Charles Lemoyne, Baron de Longueuil, officer, Governor of Trois-Rivières and later of Montreal, acting administrator of New France, lived 1656-1729 (owner of ten slaves)

Philippe Rigaud de Vaudreuil, Governor General of New France 1703-1725 (owner of eleven slaves)

Marguerite d’Youville, founded the Grey Nuns of Montreal, lived 1701-1771, made a saint by Pope John Paul II in 1990 (owner of three slaves)

Charles de la Boische de Beauharnois, Governor of New France 1726-1746 (owner of twenty-seven slaves)

Pierre Gaultier de La Vérendrye, fur trader and explorer, lived 1714-1755 (owner of three slaves)

Marie Anne Catherine Fleury dite Deschambault, Baroness de Longueuil, lived 1740-1818 (slave-owner)

Paul-Joseph Lemoyne de Longueuil, Governor of Trois-Rivières 1757-1760 (owner of twenty-three slaves)

The Jesuits under the French régime (owners of forty-six slaves)

The Séminaire de Québec, a community of secular priests under the French régime (owners of thirty-one slaves)

The Montreal Gazette, newspaper (owners of at least three slaves)

John Askin, fur trader, merchant, office holder, and militia officer in Upper Canada, lived 1739-1815 (owner of twenty-three slaves)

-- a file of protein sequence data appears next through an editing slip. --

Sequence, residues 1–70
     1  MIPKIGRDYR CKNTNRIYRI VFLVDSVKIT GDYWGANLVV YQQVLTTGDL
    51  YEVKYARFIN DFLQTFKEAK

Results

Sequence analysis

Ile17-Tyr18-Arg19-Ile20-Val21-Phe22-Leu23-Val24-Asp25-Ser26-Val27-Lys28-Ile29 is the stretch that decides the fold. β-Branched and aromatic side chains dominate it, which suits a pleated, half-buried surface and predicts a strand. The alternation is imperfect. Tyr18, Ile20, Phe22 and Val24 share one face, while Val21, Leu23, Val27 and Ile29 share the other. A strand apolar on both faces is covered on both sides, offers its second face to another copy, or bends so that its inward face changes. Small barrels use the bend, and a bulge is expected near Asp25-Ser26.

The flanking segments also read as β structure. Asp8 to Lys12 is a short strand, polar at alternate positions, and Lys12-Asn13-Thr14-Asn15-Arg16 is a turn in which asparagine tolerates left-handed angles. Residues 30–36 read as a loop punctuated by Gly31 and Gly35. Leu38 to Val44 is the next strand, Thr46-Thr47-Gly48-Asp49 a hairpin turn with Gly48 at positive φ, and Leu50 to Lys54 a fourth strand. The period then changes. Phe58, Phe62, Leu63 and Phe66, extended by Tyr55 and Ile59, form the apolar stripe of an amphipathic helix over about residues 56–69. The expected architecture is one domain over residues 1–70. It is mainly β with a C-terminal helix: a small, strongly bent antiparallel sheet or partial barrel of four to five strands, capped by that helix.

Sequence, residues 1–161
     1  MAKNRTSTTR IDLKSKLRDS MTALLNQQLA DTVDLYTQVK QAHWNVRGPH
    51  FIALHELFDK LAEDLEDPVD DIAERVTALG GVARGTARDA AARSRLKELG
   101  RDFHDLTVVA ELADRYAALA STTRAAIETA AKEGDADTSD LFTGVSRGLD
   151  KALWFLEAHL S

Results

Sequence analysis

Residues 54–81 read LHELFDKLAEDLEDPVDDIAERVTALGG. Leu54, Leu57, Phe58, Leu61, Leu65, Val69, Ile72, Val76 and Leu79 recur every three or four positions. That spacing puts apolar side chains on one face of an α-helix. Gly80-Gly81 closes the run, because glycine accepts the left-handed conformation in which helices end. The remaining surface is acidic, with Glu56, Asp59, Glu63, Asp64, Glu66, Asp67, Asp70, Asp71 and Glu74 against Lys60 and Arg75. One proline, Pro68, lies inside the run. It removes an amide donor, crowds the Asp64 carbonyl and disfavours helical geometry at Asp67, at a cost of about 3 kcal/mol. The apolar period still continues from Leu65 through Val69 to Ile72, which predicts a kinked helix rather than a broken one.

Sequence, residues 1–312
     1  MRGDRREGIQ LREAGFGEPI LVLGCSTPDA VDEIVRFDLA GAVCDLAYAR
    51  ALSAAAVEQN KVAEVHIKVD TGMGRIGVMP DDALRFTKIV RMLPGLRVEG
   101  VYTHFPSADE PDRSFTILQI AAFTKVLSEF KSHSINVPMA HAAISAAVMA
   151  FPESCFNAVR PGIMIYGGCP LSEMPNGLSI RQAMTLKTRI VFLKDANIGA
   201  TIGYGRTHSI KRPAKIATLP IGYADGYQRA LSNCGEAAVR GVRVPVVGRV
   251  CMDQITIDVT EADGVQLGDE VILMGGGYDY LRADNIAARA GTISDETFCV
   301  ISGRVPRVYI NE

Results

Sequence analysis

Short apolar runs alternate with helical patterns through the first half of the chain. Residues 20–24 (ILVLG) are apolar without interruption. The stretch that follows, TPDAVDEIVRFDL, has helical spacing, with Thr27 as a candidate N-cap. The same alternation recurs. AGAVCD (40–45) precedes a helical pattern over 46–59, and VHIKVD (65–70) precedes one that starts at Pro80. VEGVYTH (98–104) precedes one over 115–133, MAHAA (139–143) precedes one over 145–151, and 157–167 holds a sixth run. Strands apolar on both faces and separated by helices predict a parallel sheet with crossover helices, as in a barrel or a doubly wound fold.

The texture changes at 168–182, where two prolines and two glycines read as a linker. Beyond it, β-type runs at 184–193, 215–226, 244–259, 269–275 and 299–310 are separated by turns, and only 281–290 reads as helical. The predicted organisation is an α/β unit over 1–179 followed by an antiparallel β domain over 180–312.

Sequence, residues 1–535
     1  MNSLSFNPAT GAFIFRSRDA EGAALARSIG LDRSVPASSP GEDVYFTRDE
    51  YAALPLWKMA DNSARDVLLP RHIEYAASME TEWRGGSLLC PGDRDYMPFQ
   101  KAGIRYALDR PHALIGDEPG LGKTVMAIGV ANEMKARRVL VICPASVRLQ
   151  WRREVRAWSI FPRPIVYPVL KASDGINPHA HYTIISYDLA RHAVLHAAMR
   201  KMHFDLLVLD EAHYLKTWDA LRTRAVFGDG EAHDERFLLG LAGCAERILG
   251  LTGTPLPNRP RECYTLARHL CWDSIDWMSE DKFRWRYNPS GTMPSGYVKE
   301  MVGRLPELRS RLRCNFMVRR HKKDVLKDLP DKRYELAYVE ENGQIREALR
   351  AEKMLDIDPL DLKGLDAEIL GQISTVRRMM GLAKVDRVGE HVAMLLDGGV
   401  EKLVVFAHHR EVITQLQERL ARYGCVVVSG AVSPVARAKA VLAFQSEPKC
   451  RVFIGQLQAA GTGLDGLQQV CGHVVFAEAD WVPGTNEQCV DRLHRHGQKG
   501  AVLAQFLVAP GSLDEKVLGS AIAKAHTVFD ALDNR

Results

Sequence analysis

Sir John Johnson, Loyalist leader during the American Revolution, British Loyalist/provincial military officer, a politician in Canada and wealthy landowner, lived 1741-1830 (brought fourteen Black slaves with him to Canada)

James McGill, merchant and member of the Legislative Assembly of Lower Canada, lived 1744-1813, left a legacy that was used to found McGill University in 1821 (owner of six slaves)

John Campbell, businessman, justice of the peace and seigneur in Lower Canada, lived 1787-1855 (owner of seventeen slaves)

This list does not include explorers and colonial authorities who committed kidnappings, hostage-takings and other forms of arbitrary captivity.

I have met people who deny the importance of slavery in colonial Canada, in seven different ways.

The heroic argument: Slaves were well-treated in New France, and were practically considered members of the families that owned them.

The lesser-of-evils argument: Religious orders and institutions that held slaves were protecting them from greater harms.